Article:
Patton v. Mississippi

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Justia Opinion Summary

Joseph Patton was convicted by jury of murdering his uncle with an ax to the throat. Patton appealed, claiming his trial was rendered fundamentally unfair by the trial court’s refusal to strike for cause two prospective jurors from the jury venire who said during voir dire examination they knew the decedent’s son. Finding no merit in Patton’s claim, the Mississippi Supreme Court affirmed Patton’s conviction.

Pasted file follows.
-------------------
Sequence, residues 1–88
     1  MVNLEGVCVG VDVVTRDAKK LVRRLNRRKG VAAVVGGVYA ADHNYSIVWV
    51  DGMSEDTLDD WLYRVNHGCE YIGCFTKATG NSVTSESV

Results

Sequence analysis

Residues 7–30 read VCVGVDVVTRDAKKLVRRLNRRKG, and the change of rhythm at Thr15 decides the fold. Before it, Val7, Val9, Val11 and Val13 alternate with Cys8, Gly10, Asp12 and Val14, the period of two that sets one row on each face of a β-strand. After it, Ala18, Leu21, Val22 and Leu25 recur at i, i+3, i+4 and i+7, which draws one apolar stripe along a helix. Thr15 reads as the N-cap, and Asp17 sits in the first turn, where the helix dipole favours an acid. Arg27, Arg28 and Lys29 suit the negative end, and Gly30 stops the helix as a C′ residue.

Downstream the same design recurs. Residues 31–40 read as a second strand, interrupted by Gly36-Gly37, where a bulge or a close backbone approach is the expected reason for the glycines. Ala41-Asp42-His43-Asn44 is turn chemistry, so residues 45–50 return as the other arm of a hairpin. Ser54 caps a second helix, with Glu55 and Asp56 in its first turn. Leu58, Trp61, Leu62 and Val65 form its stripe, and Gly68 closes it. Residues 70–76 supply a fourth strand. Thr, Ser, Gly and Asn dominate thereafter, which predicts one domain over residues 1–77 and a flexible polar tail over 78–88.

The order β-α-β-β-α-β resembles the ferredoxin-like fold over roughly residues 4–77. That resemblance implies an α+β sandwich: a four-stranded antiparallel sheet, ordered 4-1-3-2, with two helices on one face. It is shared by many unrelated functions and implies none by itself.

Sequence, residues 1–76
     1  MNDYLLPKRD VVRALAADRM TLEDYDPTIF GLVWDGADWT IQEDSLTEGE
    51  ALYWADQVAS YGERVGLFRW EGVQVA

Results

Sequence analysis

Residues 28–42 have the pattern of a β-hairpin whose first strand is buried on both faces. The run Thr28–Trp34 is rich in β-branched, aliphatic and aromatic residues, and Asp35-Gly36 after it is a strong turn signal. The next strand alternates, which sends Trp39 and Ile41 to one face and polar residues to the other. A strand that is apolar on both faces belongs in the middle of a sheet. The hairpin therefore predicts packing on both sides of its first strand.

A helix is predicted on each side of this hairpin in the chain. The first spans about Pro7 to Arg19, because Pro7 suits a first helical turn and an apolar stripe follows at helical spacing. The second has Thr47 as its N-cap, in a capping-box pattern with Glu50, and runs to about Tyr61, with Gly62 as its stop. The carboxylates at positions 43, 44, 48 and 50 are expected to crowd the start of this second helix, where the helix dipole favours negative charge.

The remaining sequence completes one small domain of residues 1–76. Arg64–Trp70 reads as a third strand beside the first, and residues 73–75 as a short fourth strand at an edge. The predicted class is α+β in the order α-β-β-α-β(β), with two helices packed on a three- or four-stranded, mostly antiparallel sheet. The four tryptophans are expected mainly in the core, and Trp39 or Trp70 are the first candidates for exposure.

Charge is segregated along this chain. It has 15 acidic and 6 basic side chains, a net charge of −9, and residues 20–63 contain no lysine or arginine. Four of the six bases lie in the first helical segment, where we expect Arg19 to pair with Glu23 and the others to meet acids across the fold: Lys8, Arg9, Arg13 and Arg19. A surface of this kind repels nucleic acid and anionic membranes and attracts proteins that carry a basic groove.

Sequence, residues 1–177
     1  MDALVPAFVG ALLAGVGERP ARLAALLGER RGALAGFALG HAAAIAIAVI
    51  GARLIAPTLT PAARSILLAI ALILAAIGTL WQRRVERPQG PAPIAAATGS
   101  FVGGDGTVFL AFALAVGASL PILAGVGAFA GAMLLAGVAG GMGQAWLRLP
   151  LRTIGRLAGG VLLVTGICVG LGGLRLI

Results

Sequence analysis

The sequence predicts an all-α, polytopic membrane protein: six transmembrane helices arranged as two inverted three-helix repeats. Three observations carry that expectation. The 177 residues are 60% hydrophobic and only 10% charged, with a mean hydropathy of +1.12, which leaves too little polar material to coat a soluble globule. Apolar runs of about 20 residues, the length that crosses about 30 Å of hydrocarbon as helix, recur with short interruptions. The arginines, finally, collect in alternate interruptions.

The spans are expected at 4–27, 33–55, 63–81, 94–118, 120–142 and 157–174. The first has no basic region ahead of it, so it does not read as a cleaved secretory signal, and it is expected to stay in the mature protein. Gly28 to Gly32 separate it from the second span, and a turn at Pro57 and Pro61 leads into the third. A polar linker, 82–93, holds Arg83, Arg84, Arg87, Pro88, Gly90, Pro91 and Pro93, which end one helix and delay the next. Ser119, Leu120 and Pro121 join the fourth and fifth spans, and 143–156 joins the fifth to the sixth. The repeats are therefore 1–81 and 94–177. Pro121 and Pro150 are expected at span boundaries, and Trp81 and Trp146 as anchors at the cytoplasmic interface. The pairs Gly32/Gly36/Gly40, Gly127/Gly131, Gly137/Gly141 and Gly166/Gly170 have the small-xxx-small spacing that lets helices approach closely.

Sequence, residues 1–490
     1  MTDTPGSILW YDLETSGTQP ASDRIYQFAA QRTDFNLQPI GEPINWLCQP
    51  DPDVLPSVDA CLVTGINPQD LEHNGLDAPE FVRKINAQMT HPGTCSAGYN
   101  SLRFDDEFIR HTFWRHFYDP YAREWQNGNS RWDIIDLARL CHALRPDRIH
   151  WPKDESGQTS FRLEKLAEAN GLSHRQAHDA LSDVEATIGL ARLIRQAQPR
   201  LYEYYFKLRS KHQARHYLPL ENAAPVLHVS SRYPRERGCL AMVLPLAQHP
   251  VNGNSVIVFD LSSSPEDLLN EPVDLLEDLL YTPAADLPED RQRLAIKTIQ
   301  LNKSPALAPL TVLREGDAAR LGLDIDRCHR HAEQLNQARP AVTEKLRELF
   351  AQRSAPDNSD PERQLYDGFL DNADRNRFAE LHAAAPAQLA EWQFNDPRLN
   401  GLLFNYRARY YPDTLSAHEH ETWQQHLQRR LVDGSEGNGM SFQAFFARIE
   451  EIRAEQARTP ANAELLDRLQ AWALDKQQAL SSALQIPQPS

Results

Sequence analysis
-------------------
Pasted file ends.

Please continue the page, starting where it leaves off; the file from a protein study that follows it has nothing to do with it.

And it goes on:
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IN THE SUPREME COURT OF MISSISSIPPI NO. 2016-KA-01286-SCT JOSEPH PATTON v. STATE OF MISSISSIPPI DATE OF JUDGMENT: TRIAL JUDGE: TRIAL COURT ATTORNEYS: COURT FROM WHICH APPEALED: ATTORNEY FOR APPELLANT: ATTORNEY FOR APPELLEE: DISTRICT ATTORNEY: NATURE OF THE CASE: DISPOSITION: MOTION FOR REHEARING FILED: MANDATE ISSUED: 08/19/2016 HON. M. JAMES CHANEY, JR. JERRY CAMPBELL DANIEL PAUL EDNEY, II RICHARD EARL SMITH, JR. MARCIE TANNER SOUTHERLAND WARREN COUNTY CIRCUIT COURT OFFICE OF THE STATE PUBLIC DEFENDER BY: GEORGE T. HOLMES OFFICE OF THE ATTORNEY GENERAL BY: SCOTT STUART RICHARD EARL SMITH, JR. CRIMINAL - FELONY AFFIRMED - 02/08/2018 EN BANC. BEAM, JUSTICE, FOR THE COURT: ¶1. Joseph Patton was convicted of murder following a jury trial in the Warren County Circuit Court. Patton appeals his conviction, claiming his trial was rendered fundamentally unfair by the trial court’s refusal to strike for cause two prospective jurors from the jury venire who said during voir dire examination they knew the decedent’s son. Finding no merit in Patton’s claim, we affirm Patton’s conviction. FACTS ¶2. In September 2015, Patton was living with his sixty-three-year-old uncle, Alfred Patton, in a mobile home in Warren County. On Tuesday, September 22, 2015, Alfred’s next-door neighbor, William Thigpen, went to Alfred’s trailer to check on him, having not seen Alfred in several days. Thigpen discovered Alfred’s body inside the mobile home with an ax lodged in the throat. The body appeared to have been dead for several days. ¶3. Thigpen last saw Alfred alive on Friday, September 18. The Thursday night before, he and Alfred had watched a televised football game together at Alfred’s trailer, and Patton also was present. Thigpen said Alfred had expressed to him on several occasions that Alfred did not like the circumstances of Patton living there. ¶4. Thigpen’s live-in fiancé, Gabrielle Phillips, testified that Patton and Alfred had conflicts and that Alfred wanted Patton to move out. She recalled an argument Patton and Alfred had on Thursday, September 17, during which Alfred asked Patton to leave. Phillips said she heard Patton tell Alfred, “You keep on and one of these days you’re going to regret it.” Phillips said she last saw Alfred alive on Friday, September 18. ¶5. Phillips saw Patton on Saturday, September 19, and Patton spoke to her before going inside Alfred’s trailer. He did not stay there long. She saw Patton again on Monday, September 21, between 4:00 and 4:30 p.m. They spoke to each other before Patton went inside Alfred’s trailer. Phillips saw Patton come out of Alfred’s trailer carrying a basket which Patton put in his car. 2 ¶6. Warren County Sheriff’s Investigator Chris Satcher described the ax which killed Alfred as a 26-inch Estwing brand camping ax. Investigators found a matching head cover for the ax in the trash outside Alfred’s trailer. Investigators learned that a local Home Depot sells this brand of ax and obtained an in-store video from the store which showed Patton purchasing this type of ax on Wednesday, September 16, 2015. Investigators also obtained a receipt from the transaction, which showed a debit card was used to purchase the item. ¶7. Meanwhile, at the scene of the homicide, investigators observed and photographed a Cobra beer bottle on the floor inside the trailer, along with a Seagram’s gin bottle. Satcher said the gin appeared to contain a cloudy foreign substance, which experts later determined was diphenhydramine, an active ingredient in Benadryl and other over-the-counter sleep aids. ¶8. Satcher also inspected and gathered a pair of athletic shorts from one of the trailer’s bedrooms. Inside the shorts, Satcher found a folded envelope containing a grainy white powder similar to a crushed pill, which experts determined contained diphenhydramine. ¶9. Also found in the shorts was a debit card; a Nationwide life insurance proposal for a sixty-three-year-old male with a $25,000 death benefit; a document addressed to Patton referencing the last four digits of Patton’s social security number; and a receipt from a convenience store in Vicksburg, Mississippi. The receipt was for gasoline and one King Cobra 32-ounce beer, and was dated September 18, 2015. The transaction was made with the debit card found in the shorts, which matched the debit card number used to purchase the ax. 3 ¶10. On the front deck of Alfred’s home, Satcher recovered a few folded towels, garbage bags, and a gallon container of household bleach. From these items, Satcher recovered a receipt from a Family Dollar store dated September 18, 2015, with a time stamp of 3:36 p.m. Investigators also obtained a video from the Family Dollar store showing Patton purchasing the bleach. ¶11. When Patton developed as a person of interest on September 22, a BOLO (“be on the lookout”) was issued. That same day, Vicksburg police spotted Patton’s vehicle parked on Washington Street. As authorities approached the vehicle, Patton appeared, and he was arrested. Patton initially gave authorities Alfred’s address as his residence, but in a subsequent interview, Patton claimed his address was 3133 Washington Street, the location where authorities found Patton’s vehicle parked. ¶12. After obtaining a search warrant for Patton’s vehicle, authorities found a small spiral notebook inside the vehicle. Written inside the notebook was a “to-do list” which included a list of items: “Clorox, garbage bags, Benadryl, blankets, and towels.” Also found in Patton’s vehicle was a term life-insurance policy death-benefit quote from Nationwide Insurance for a sixty-three-year-old male. ¶13. Investigators thereafter contacted several insurance companies and subpoenaed information about a term life policy issued by MetLife in the amount of $20,000 on the life of Alfred Patton. The policy was issued September 16, 2015, to Joseph Patton as the beneficiary. The subpoena production included MetLife’s recorded telephone conversations with the party who had purchased the policy and showed the initial premium was paid with 4 the same debit card found in the shorts recovered from Alfred’s home. Also produced were records sent to an email address, purportedly Patton’s. ¶14. When Patton was arrested on September 22, authorities seized a cell phone in his possession. Investigators obtained a search warrant for the phone’s records and data. Investigators found a text message dated September 16 from MetLife thanking the recipient for signing up for texts. ¶15. At trial, Patton testified he moved in with Alfred after moving back from Texas, and that he paid Alfred $75 a week in rent. He said he did not have a bedroom in Alfred’s trailer and slept on the couch. Patton said he got along with Alfred. But when Alfred drank, Alfred wanted to be left alone and would ask Patton to leave, which is what occurred on Thursday, September 17. Patton said there was no argument and he complied with Alfred’s request, leaving before the end of the football game they were watching to go stay with a friend in Vicksburg. Patton denied ever going back to Alfred’s house after Thursday night. ¶16. Patton denied killing Alfred. He said the athletic shorts belonged to Alfred and were found in one of the rooms in which Alfred slept. Patton said he did not know whose debit card was found in the shorts, but he had a debit card and Alfred had another. Patton said he and Alfred shared a third debit card, which according to Patton was the card used to buy the ax. ¶17. Patton said his papers were in Alfred’s shorts because Alfred always got the mail. And regarding the powder found in the shorts and the substance in the gin, Patton said Alfred often took something to help him sleep. 5 ¶18. Patton admitted buying the bleach, which he used for cleaning the home and doing the laundry. Patton also admitted to buying the ax because Alfred had asked him to chop down a tree in the yard to cover a week’s rent. ¶19. Patton claimed the notebook found in his vehicle belonged to Alfred, who frequently used Patton’s vehicle. Patton said he did not know whose handwriting was in the notebook, but it was not his (Patton’s). ¶20. Patton also said that he never applied for any life insurance, and he did not know whose voice was on the phone recordings obtained from MetLife, but it was not his. Patton also told the jury that he often let Alfred use his email address, which he and Alfred shared. Patton admitted the cell phone found in his possession was his, but Alfred used the phone also because he did not have a home phone. ¶21. Patton was found guilty of murder. He appeals his murder conviction, claiming one assignment of error: his trial was rendered unfair by the trial court’s denial of a request to strike for cause two prospective jurors who each said they knew Alfred’s son. ¶22. Additional facts will be related as necessary in our discussion of Patton’s claim. DISCUSSION Whether Patton’s trial was rendered unfair by trial court’s refusal to strike for cause two prospective jurors who said during voir dire examination they knew the decedent’s son. ¶23. The record shows that, during voir dire, when asked by defense counsel whether anyone knew certain members of the Patton family, potential jurors Cedric Wyatt, juror 6 number 153, and a Mr. Carter, juror number 139, both advised they knew the decedent’s son, Alfred Jr. ¶24. Wyatt said he used to work with Alfred Jr., and Wyatt’s brother was friends with Alfred Jr. Defense counsel asked Wyatt, “Would you have a problem – would it cause you some problem to sit here?” Wyatt answered, “No.” ¶25. Carter said, “Yeah, I worked with Alfred [Jr].” Defense counsel commented, “Well, you’re going to have to face him at work again, correct, when you go back to work?” Carter indicated affirmatively. Defense counsel then asked, “Would it cause you some problems, how you voted in this case, if you saw him again?” Carter replied, “You’d have to ask him that.” Defense counsel said, “No. I mean cause you problems.” Carter replied, “No.” ¶26. After voir dire examination, defense counsel requested that Wyatt and Carter be removed for cause. The trial court denied both requests. Carter thereafter was struck with the defense’s last peremptory challenge, and Wyatt ended up on the jury after the defense had exhausted its peremptory challenges. ¶27. We point out that the record shows there was some confusion on Patton’s part during jury selection. According to the record, Patton participated in the selection process with his attorney assisting. After the State tendered twelve jurors, Patton struck the first eight chosen by the State, at which point Patton’s attorney said, “You don’t get but 12.” Patton indicated that he did not understand. The trial court then explained to Patton how the process worked. 7 ¶28. Afterward, Patton elected to accept the last juror he had previously struck with his eighth peremptory challenge, and the trial court allowed Patton to do so. The selection process continued, and Patton used his last peremptory challenge to strike Carter. ¶29. Patton contends on appeal that there was an implied prejudice in this instance which the trial court should have recognized and acted upon, striking both potential jurors for cause. Citing Scott v. Ball, 595 So. 2d 848 (Miss. 1992), and other cases, Patton submits this Court has indicated that not only is implied prejudice present in cases where a close relationship between jurors and parties or witnesses, but there is a presumption of impaired impartiality also is present in such instances. Patton thus contends it was error for the trial court to refuse the challenges for cause as to Wyatt and Carter because of the presumption of prejudice and other factors. Accordingly, Patton requests a new trial. ¶30. We disagree. “[U]nder Mississippi law, any person not disqualified under Mississippi Code Annotated Section 13-5-1, who will make oath that he or she is impartial, is competent to sit as a juror in a criminal case.” Archer v. State, 986 So. 2d 951, 958 (Miss. 2008) (citing Miss. Code Ann. § 13-5-79 (Rev. 2002)). “The trial judge whose duty is to see that a competent, fair, and impartial jury is empaneled, is empowered with broad discretion to determine whether a prospective juror can be fair and impartial–notwithstanding the juror’s admission under oath that he or she will be.” Id. at 958-59. This Court has held that “a juror who may be removed on challenge for cause is one against whom a cause for challenge exists that would likely [a]ffect his competency or impartiality at trial.” Evans v. State, 725 So. 2d 613, 653 (Miss. 1997). Whether a potential juror can be fair and impartial is a judicial 8 question reserved for the trial judge and will not be disturbed unless clearly wrong. Archer, 986 So. 2d at 957 (citing Dennis v. State, 555 So. 2d 679, 682 (Miss. 1989); Walls v. State, 371 So. 2d 411, 413 (Miss. 1979)). “No general rule can be stated which would control every conceivable situation with respect to a juror’s qualifications[; e]ach case must be decided on its own merits in light of the facts before the court.” Walls, 371 So. 2d at 413 (citing Odom v. State, 355 So. 2d 1381 (Miss. 1978)). We also reiterate this Court’s rule “that no reversible error results when the trial court fails to sustain a challenge for cause, and the juror(s) at issue is ultimately excused with a peremptory challenge.” Sewell v. State, 721 So. 2d 129, 135 (Miss. 1998). ¶31. At the outset, we note the case Bell v. State, 725 So. 2d 836 (Miss. 1998). There, the defendant, convicted of capital murder, claimed the trial court had erred in denying his challenges for cause as to five jurors because of their relationships to the victim or to law enforcement. Id. at 845. The first potential juror’s husband was a retired police officer, and the juror had worked with the victim’s mother for about six months. Id. The second potential juror’s father had been a deputy sheriff. Id. The third potential juror had a business relationship with the victim’s father, and while doing business with the father–who knew the juror had been selected to be on the panel–was told by the father he was glad he (third potential juror) had been selected, because “we need good jurors.” Id. The fourth potential juror’s wife knew the victim’s mother through work and also went to church with the victim. Id. The juror also had sent a card to the victim’s family after the victim’s death. Id. The 9 fifth potential juror owned an auto-parts business where the victim’s father had done some business over the years, and had hunted with the father occasionally. Id. at 845-46. ¶32. The trial court in Bell declined to excuse any of the five potential jurors for cause, and the defendant used five of his allotted twelve peremptory challenges to strike them. The defendant claimed on appeal the trial court’s decision essentially deprived him of the full twelve peremptory challenges allowed because it compelled the defendant to use five of the twelve on those who should have been excused for cause. The Bell Court rejected this claim. ¶33. Bell first reiterated the wide discretion a trial judge has in determining whether to excuse prospective jurors for cause. Next, in finding the trial court did not abuse its discretion, Bell noted Mhoon v. State, 464 So. 2d 77, 81 (Miss. 1990), superseded by statute on other grounds, see Bevill v. State, 556 So. 2d 699, 713 (Miss. 1990). In Mhoon, this Court reversed a defendant’s capital murder conviction where twelve members of a thirtynine member jury pool either were policemen or were related by blood or marriage to current or former members of law enforcement; also, a uniformed policeman served as foreman of the jury. Mhoon found that a “statistical aberration” had occurred with the jury pool, and the “unique factual situation” of the “unusual case” before it manifested “too great a risk” of potential “undue influence over the opinions of other jurors . . . .” Bell pointed out that, while Mhoon had found a significant problem with the jury pool which necessitated reversal of the defendant’s conviction, the Mhoon Court also stated, “there is no reason why an officer or an officer’s relative should not serve on a jury if otherwise qualified to follow the law and the evidence.” Bell, 725 So. 2d at 846 (quoting Mhoon, 464 So. 2d at 81). 10 ¶34. The Bell Court, addressing those potential jurors who had “disclosed acquaintances and business relationships with relatives of the deceased[,]” found that each one had “declared, under oath, that their relationships would not prevent them from following the court’s instructions and applying it fairly to the facts of the case.” Id. Bell added: While the judge’s voir dire may not have probed as deeply as Bell thinks the questions should have into these jurors’ ability to try the case fairly, Bell, of course, had the opportunity to pursue any questions through his attorney’s examination of the jurors. He did not choose to do so. Id. Bell said, “Mere acquaintance or even family relationships with parties or those related to parties is not sufficient to require that a juror be excused for cause.” See id. (citing Rush v. State, 278 So. 2d 456 (Miss. 1973) (in which this Court found no error in the trial court’s decision not to excuse for cause a prospective juror who knew the defendant and had obtained a money judgment against him, when the prospective juror stated he could put the relationship out of his mind and try the case on the facts and the law)). ¶35. We find that to be the case here. The relationship(s) and/or association(s) disclosed by Wyatt and Carter with the victim’s son were not–on this record–enough to say the trial court should have excused either prospective juror for cause. The record does not tell us what type of working or employment relationship either prospective juror had (previously or presently)1 with the son, as there was no further inquiry into either matter beyond that related above. But any fault with this omission, as Bell instructs, does not lie with the trial 1 It is not clear from the record whether Wyatt or Carter currently were working with the victim’s son at the time of trial. Based on their initial responses, both prospective jurors seemed to say they had worked with victim’s son in the past. Although, when asked by defense counsel about having to face the son when Carter returned to work, Carter indicated that would be the case. 11 court. The record clearly illustrates that the defense could have examined these relationships further if it had chosen to do so. See, e.g., id. at 846. ¶36. Further, Scott and the other cases Patton relies upon on appeal are distinguishable. In Scott, this Court reversed for a new trial a medical-malpractice judgment in favor of a doctor after finding that Batson2 violations had occurred with the jury selection process. Scott, 595 So. 2d 848. While Scott also found error in the trial court’s failure to exclude a potential juror whose family had been treated occasionally by the doctor over a period of ten years, Scott did not find this error constituted reversible error, noting at the outset of the opinion that only “the [Batson] issue requires reversal.” Id. at 849. ¶37. In addressing the challenge for cause issue, Scott said: To the extent that any juror, because of his relationship to one of the parties, his occupation, his past experience, or whatever, would normally lean in favor of one of the parties, or be biased against the other, or one’s claim or the other’s defense in the lawsuit, to this extent, of course, his ability to be fair and impartial is impaired. Id. Scott, however, coupled this statement with the following: It should also be borne in mind that jurors take their oaths and responsibilities seriously, and when a prospective juror assures the court that, despite the circumstance that raises some question as to his qualification, this will not affect his verdict, this promise is entitled to considerable deference. Harding v. Estate of Harding, 185 So. 2d 452, 456 (Miss. 1966); Howell v. State, 107 Miss. 568, 573, 65 So. 641, 642 (1914). 595 So. 2d. at 849. 2 See Batson v. Kentucky, 476 U.S. 79, 106 S. Ct. 1712, 90 L. Ed.2d 69 (1986) (holding that the Equal Protection Clause forbids the government from exercising peremptory challenges to exclude jurors on account of their race); and Edmonson v. Leesville Concrete Co., 500 U.S. 614, 111 S. Ct. 2077, 114 L. Ed.2d 69 (1986) (holding that Batson principles apply to civil cases between private litigants). 12 ¶38. Scott cautioned that in cases in which a physician is a party, the trial court “must be sensitive to the qualification of a juror” who has been treated by him or her, “or whose family members have at one time or another been patients” of his or hers, especially in smaller towns and less populated areas. Id. Scott explained, “Mississippians in less populated areas enjoy a close, fraternal relationship with their doctors, and regardless of a prospective juror’s complete sincerity in his belief of his ability to be fair, it is only human nature that in most cases he will be more reluctant to return a verdict against the physician.” Id. at 851. ¶39. We do not find the same type of intimate or personal relationship here. ¶40. In Taylor v. State, 656 So. 2d 104 (Miss. 1995), upon which Patton also relies, this Court held the trial court erred in refusing to remove for cause the brother of an assistant district attorney who worked in the office of the district attorney prosecuting the case against the defendant. The brother was selected as a juror in the case after the defendant already had exercised all of the peremptory challenges allotted. Finding the issue as one of first impression, the Taylor Court cited as persuasive authority People v. Macrander, 828 P.2d 234, 242 (Colo. 1992), which states: [A] prospective juror who is related within the third degree by blood, adoption, or marriage to a deputy district attorney presently serving on the staff of the elected district attorney responsible for the criminal prosecution is related to an “attorney of record” for purposes of a challenge for cause. . . . Id. at 110. Taylor reiterated that, “[o]ne of the purposes of challenges, for cause and peremptory, is to eliminate jurors who have expressed or implied prejudices, or who may be put in an embarrassing position despite protestations to the contrary.” Id. Taylor said, “[c]ertainly, a juror who is the brother of an assistant district attorney is in such a position[,]” 13 and that “he is close to his sister and is her neighbor makes the problem more acute.” Id. at 111. Accordingly, this Court held that the trial court in Taylor erred in not excusing that particular juror for cause. ¶41. But as with Scott, the type of relationship found in Taylor is not found here. ¶42. Lastly, Patton cites Poe v. State, 739 So. 2d 405, 409 (Miss. Ct. App. 1999), in which the defendant had claimed on appeal that the trial court’s decision to exclude certain veniremen had a “Batson-like effect.” Rejecting the claim, the Court of Appeals first pointed out that Batson claims involve peremptory challenges, not excusals for cause. Id. at 409. The Court of Appeals next found no abuse of discretion in the trial court’s decision to remove for cause a potential juror who went to school with the defendant, was friends with the defendant’s brother, and whose best friend had dated the defendant. Id. Poe also found no abuse of discretion in the trial court’s decision to remove a potential juror whose son was a first cousin to the defendant. Id. ¶43. That Poe found no abuse of discretion in the trial court’s decision(s), simply goes to the Court of Appeals’ limited standard of review with regard to such matters. See again, Walls, 371 So. 2d at 413 (“No general rule can be stated which would control every conceivable situation with respect to a juror’s qualifications[; e]ach case must be decided on its own merits in light of the facts before the court.”). ¶44. For our purposes here, there was no showing that either prospective juror had a close personal relationship with the victim’s son, just that they had worked together, and that Wyatt’s brother was friends with the son. Consistent with Bell, and not inconsistent with 14 either Scott, Taylor, or Poe, the relationships disclosed here are, by themselves, insufficient to disturb the trial court’s judgment that both prospective jurors on their oaths could be impartial in Patton’s trial. ¶45. For these reasons, Patton’s claim that the trial court erred by failing to strike Carter and Wyatt for cause, is without merit. CONCLUSION ¶46. We affirm Patton’s conviction and sentence for murder. ¶47. AFFIRMED. RANDOLPH, P.J., COLEMAN, MAXWELL, CHAMBERLIN AND ISHEE, JJ., CONCUR. KITCHENS, P.J., DISSENTS WITH SEPARATE WRITTEN OPINION JOINED BY WALLER, C.J., AND KING, J. KITCHENS, PRESIDING JUSTICE, DISSENTING: ¶48. I respectfully dissent. I would find that the trial court abused its discretion by denying Patton’s request to strike prospective jurors Wyatt and Carter for cause.3 Patton was on trial for the brutal ax murder of his uncle, and it is manifest from the voir dire examination, in which numerous venire members expressed knowledge of the facts of the case or had some connection to persons involved, that the crime was notorious and news of it had spread throughout the county. Carter, on whom the defense exercised a peremptory strike, said that he had worked with the murder victim’s son and would have to face him when he returned 3 One cannot complain on appeal of the failure to excuse a juror for cause unless the appellant exhausted all his peremptory challenges. Billiot v. State, 454 So. 2d 445, 457 (Miss. 1984). The defense did use a peremptory strike on Carter. But because the majority addresses the trial court’s exercise of discretion regarding both Wyatt and Carter, I do likewise. Although the error regarding Carter is not reversible because he was excused, Wyatt served on the jury and the trial court reversibly erred by failing to strike him. 15 to work.4 Wyatt, who was selected for the jury because the defense had exhausted its peremptory strikes, said that he previously had worked with the victim’s son, and also that his brother and the son were friends. While both Carter and Wyatt said that they would have no problem serving, neither expressly said that he could be fair and impartial. ¶49. The defendant’s right to a trial by an impartial jury is guaranteed by the Sixth Amendment to the United States Constitution and Article 3, Section 26 of the Mississippi Constitution. U.S. Const. amend. VI; Miss. Const. Art. 3, § 26. The circuit court has considerable discretion in determining whether to strike a juror for cause. Scott v. Ball, 595 So. 2d 848, 849 (Miss. 1992). Nonetheless, “[t]he circuit judge has an absolute duty . . . to see that the jury selected to try any case is fair, impartial and competent.” Id. at 850. To that end, the circuit judge must “scrupulously guard the impartiality of the jury and take corrective measures to insure an unbiased jury.” Id. ¶50. We have recognized that a juror’s ability to be impartial may be impaired to the extent that the juror’s relationship to a party, bias against a party, occupation, past experience, or other factors would cause him to lean in favor of one party or the other. Id. When a venire person assures the court that, despite such circumstances, he or she can be fair and impartial, the court may give that assurance significant deference. Id. Nonetheless, despite a potential juror’s promise under oath that he or she can be impartial, the trial court is fully vested with discretion to excuse the potential juror if the court believes he or she could not try the case impartially. Coverson v. State, 617 So. 2d 642, 646 (Miss. 1993). 4 As noted by the majority, the record is ambiguous on whether Carter was working with the victim’s son at the time of the trial or had worked with him in the past. 16 ¶51. I would find that the trial court abused its discretion by failing to excuse Wyatt and Carter for cause. Both of these potential jurors communicated that they worked or had worked with the victim’s son, and Wyatt also said that his brother and the son were friends. Thus, it was reasonable for the defense to challenge them for cause on the basis of their relationships with the victim’s son. Because it is readily conceivable that coworkers would afford each other some degree of loyalty, a potential for bias against Patton certainly existed.5 Regarding Wyatt, that potential was compounded by the fact that his brother was a friend of the victim’s son. This Court has recognized that, when a reasonable challenge is made and other jurors against whom no challenge is made are available, the trial court’s discretion to deny the challenge is “considerably narrowed.” Scott, 595 So. 2d at 850. Further, neither of the potential jurors expressly said that he could be fair and impartial; rather, each merely said that serving would not be a problem. See Billiott v. State, 454 So. 2d 445, 457 (Miss. 1984) (a juror’s promise to “try” to follow the court’s instruction was insufficient). Because the defense’s for-cause challenges were manifestly reasonable, other potential jurors against whom no challenge had been made were available, and the challenged jurors never said they could be fair and impartial, I would find that the trial court abused its discretion by denying his for-cause challenges to them. And because Wyatt served on the jury, I would reverse and remand for a new trial. The risk of this juror’s being less than impartial in this particular case, either consciously or subconsciously, was obvious, and it easily could have been avoided. 5 In Flowers v. State, 2017 WL 5076152 at *31 (Miss. November 2, 2017), a majority of this Court recognized the danger of co-worker bias, finding that a venire person’s working with a member of the defendant’s family was a race-neutral reason for exercising a peremptory strike. 17 WALLER, C.J., AND KING, J., JOIN THIS OPINION. 18